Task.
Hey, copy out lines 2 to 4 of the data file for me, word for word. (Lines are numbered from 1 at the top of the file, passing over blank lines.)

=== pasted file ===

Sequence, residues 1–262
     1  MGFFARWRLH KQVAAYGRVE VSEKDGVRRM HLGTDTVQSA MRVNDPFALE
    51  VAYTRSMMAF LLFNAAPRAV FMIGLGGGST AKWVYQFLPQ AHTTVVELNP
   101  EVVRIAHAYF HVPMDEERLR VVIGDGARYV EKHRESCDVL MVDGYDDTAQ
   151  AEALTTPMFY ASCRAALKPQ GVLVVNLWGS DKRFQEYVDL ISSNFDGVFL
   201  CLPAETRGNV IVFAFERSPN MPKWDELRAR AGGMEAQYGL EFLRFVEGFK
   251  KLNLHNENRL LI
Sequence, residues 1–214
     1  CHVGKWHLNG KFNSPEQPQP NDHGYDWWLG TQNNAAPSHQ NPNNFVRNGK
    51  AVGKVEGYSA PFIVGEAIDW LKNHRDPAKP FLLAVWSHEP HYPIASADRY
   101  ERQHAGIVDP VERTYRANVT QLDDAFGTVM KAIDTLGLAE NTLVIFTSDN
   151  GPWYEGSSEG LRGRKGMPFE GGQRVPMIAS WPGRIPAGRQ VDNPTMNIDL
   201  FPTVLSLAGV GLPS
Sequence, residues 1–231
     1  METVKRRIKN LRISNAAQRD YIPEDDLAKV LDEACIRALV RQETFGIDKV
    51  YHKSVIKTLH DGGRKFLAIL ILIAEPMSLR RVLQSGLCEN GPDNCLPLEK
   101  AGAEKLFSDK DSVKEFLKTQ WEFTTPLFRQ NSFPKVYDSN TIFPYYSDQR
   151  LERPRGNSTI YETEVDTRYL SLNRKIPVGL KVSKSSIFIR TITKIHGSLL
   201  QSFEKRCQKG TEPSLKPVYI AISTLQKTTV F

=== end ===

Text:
     1  MGFFARWRLH KQVAAYGRVE VSEKDGVRRM HLGTDTVQSA MRVNDPFALE
    51  VAYTRSMMAF LLFNAAPRAV FMIGLGGGST AKWVYQFLPQ AHTTVVELNP
   101  EVVRIAHAYF HVPMDEERLR VVIGDGARYV EKHRESCDVL MVDGYDDTAQ